Killing Made Easy and Entertaining, Even Essential

According to several US prosecutors, evidence reveals that the four Blackwater guards, who are facing charges of manslaughter and gun violations in the horrific Sept. 16, 2007, shootings in Baghdad, Iraq, were motivated by deep hostility and hatred towards the Iraqi civilian population in general. If this is the case, then in America not only has killing been made technologically easy and socially entertaining, but it has also become ever-so internalized and essential.(1)

After World I and II, US military and political officials became increasingly alarmed when it was discovered that very few infantry personnel had actually fired their weapons. In order to combat these low firing rates, new techniques were designed to instill higher firing rates. By replacing small, circular paper targets with human-like, silhouette figures on the firing range, firing rates rose. Advanced weaponry that killed from a distance, and a barrage of propaganda aimed at dehumanizing the opponent, increased kill rates too.

The American Psychiatric and American Medical associations’ observations that violence in the US media greatly increased aggression did not go unnoticed. Working with the movie and gaming industries, military officials initiated pro-war and violent shows, films, video games, and music to encourage violent attitudes, behaviors, and values, mainly in children. Measurable long-term effects prove that associating violence with entertainment leads to emotional desensitization toward violence and killing in real life. (2)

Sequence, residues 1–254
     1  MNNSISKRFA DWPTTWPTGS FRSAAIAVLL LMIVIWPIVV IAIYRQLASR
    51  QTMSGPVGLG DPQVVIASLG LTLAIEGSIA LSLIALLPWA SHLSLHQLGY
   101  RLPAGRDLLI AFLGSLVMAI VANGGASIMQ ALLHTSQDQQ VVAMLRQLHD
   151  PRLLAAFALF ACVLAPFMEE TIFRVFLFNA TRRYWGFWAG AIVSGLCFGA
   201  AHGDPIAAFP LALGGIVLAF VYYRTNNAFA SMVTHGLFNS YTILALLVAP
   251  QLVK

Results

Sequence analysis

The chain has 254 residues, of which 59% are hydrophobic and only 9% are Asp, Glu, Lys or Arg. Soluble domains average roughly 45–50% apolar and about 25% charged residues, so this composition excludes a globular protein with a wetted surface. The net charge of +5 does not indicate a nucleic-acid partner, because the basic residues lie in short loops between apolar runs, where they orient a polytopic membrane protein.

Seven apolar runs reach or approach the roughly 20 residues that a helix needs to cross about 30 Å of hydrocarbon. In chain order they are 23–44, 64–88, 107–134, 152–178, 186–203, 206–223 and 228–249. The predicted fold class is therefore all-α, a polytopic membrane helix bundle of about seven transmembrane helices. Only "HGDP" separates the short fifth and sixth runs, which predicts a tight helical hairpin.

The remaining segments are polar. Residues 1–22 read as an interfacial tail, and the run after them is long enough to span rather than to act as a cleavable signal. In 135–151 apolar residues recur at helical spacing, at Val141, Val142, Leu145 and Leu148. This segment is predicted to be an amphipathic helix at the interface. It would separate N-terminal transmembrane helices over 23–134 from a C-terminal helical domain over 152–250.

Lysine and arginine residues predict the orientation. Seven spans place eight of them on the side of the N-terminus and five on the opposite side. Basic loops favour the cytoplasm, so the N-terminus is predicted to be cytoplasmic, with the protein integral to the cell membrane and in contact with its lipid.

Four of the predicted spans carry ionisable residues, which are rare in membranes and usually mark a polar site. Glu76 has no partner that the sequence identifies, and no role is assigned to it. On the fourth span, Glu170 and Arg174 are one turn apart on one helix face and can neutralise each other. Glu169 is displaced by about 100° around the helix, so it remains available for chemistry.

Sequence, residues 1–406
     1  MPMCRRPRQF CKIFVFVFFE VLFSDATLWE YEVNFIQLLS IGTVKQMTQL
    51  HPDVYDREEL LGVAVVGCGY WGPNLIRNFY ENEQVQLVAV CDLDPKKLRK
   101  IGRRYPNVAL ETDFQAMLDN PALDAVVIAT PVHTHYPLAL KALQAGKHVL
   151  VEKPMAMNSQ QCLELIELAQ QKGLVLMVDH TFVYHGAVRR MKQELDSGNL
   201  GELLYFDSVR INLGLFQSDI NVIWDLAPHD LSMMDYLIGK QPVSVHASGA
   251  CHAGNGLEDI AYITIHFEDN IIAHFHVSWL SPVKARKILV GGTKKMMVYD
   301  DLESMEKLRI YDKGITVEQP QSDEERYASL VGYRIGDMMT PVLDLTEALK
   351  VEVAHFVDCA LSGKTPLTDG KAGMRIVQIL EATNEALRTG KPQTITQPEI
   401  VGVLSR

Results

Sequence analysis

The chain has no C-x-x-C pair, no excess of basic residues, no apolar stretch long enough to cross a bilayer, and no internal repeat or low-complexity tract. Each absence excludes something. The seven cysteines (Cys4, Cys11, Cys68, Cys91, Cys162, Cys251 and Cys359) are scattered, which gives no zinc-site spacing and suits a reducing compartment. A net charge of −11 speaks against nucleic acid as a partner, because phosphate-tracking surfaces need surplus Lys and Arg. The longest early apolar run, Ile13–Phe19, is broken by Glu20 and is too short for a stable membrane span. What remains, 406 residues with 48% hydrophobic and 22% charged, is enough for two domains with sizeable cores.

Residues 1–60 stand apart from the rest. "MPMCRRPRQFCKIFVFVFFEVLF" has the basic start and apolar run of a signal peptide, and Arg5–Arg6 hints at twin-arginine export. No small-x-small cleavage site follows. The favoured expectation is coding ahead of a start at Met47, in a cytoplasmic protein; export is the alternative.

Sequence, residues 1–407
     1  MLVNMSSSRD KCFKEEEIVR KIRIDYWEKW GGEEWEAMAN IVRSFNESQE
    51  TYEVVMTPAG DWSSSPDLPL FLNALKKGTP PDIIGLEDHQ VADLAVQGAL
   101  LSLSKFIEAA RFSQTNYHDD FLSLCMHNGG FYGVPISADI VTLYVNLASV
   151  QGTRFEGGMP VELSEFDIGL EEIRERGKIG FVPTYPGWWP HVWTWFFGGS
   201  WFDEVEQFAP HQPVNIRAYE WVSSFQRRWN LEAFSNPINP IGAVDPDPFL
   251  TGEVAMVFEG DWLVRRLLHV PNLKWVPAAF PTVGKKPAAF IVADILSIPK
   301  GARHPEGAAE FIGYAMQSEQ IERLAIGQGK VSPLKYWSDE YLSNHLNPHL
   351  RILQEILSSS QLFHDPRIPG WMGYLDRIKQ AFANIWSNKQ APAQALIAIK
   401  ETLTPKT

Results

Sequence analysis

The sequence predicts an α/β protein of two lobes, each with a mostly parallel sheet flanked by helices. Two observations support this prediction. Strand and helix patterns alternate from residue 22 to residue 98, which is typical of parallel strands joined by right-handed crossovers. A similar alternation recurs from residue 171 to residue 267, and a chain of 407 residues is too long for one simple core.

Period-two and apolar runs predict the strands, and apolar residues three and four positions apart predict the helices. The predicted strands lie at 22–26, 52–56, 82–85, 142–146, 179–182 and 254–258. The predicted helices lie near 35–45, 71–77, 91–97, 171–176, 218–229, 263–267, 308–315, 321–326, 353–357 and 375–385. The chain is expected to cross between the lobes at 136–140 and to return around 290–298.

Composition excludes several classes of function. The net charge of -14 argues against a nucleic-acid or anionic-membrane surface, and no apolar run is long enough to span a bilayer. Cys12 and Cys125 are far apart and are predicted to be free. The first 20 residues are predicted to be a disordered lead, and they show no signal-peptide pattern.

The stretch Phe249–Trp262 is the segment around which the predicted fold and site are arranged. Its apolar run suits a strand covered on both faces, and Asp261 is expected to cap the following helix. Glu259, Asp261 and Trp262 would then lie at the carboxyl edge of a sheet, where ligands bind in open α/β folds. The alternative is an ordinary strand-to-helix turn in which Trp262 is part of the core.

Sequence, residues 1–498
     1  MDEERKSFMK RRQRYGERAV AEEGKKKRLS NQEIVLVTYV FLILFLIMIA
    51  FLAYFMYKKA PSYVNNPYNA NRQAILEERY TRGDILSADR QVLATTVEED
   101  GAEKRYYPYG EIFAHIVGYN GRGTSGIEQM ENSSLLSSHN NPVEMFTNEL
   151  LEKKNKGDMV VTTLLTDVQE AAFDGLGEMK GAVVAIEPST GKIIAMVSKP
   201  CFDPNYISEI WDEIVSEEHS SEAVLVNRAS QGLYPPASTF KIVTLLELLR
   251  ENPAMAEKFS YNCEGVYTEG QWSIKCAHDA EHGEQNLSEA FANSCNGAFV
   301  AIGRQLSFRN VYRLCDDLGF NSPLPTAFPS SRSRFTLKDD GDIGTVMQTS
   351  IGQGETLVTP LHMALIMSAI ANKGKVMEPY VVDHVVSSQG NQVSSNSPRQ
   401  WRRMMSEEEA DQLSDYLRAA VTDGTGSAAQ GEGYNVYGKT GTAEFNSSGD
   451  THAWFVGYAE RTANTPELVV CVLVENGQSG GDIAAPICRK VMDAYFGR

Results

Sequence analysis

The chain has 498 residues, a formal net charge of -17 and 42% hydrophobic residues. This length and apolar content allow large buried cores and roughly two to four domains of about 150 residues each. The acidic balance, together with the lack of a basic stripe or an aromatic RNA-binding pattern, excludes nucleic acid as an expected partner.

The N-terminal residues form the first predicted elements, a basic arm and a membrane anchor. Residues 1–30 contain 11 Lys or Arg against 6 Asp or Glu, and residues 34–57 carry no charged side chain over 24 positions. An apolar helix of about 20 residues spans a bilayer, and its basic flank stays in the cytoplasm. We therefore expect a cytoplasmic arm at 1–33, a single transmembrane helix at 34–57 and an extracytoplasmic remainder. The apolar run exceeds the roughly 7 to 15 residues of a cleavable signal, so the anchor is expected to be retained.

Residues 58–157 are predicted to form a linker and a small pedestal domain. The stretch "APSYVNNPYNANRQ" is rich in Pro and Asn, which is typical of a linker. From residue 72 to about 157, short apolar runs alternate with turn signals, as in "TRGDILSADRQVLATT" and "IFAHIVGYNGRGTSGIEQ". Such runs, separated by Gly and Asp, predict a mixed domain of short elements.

Has killing now been made essential, meaning obligatory and necessary? With regards to the upcoming trial of the private contractor Blackwater security guards, the answer is yes. Evidence suggests the guards that killed 14 Iraqi civilians while wounding 18 others did not believe they were under hostile fire but had harbored a low regard for, and deep hostility toward the entire Iraqi civilian population. Furthermore, they had openly expressed a sense of euphoria to other Blackwater personnel about killing Iraqis. (3)

According to the prosecution’s court filing, one Blackwater guard even admitted he wanted to kill as many Iraqis as he could as “payback for 9-11,” and repeatedly boasted about the number of Iraqis he had shot, including an old Iraqi woman. Other guards, still in the Army, deliberately fired their weapons to instigate battles or to draw out return fire so a battle could ensue. Automatic weapons were carelessly fired at civilians from the turrets of armored vehicles without regard for who might be struck by the rounds.

Military professionalism has not only collapsed, but so too has American society. The trail leads from ordinary citizen-soldiers to the revolving doors between the Pentagon and privatized corporations, even the president. Armed gangs and thugs within the military, along with drug use and violence addictions are not the only problems Americans should be concerned about. Then-President George W. Bush’s political mandate, that he claimed to have won in 2004, was an unspoken mandate to essentially kill more innocent Iraqis.

With the military-industrial-entertainment-complex’s dehumanization of Iraqis in general, killing became obligatory and necessary. Unequal and remote weaponry and wars fought from a distance, violence in entertainment and every-day life, and connecting 9-11 with Iraq through a series of lies and propaganda, made killing painless, amusing and leisurely. Therefore, who and what should really be on trial?

(1) Blackwater shootings: Why Did they shoot Iraqi civilians in 2007?/3/20/2014.

(2) Grossman, Dave, Lt. Col., On Killing: The Psychological Cost of Learning To Kill in War and Society., New York, New York: Back Bay Books, 2009., XX.

(3) Blackwater shootings: Why Did they shoot Iraqi civilians in 2007?

(4) Grossman, Dave, Lt. Col., On Killing: The Psychological Cost of Learning To Kill in War and Society., p. 99.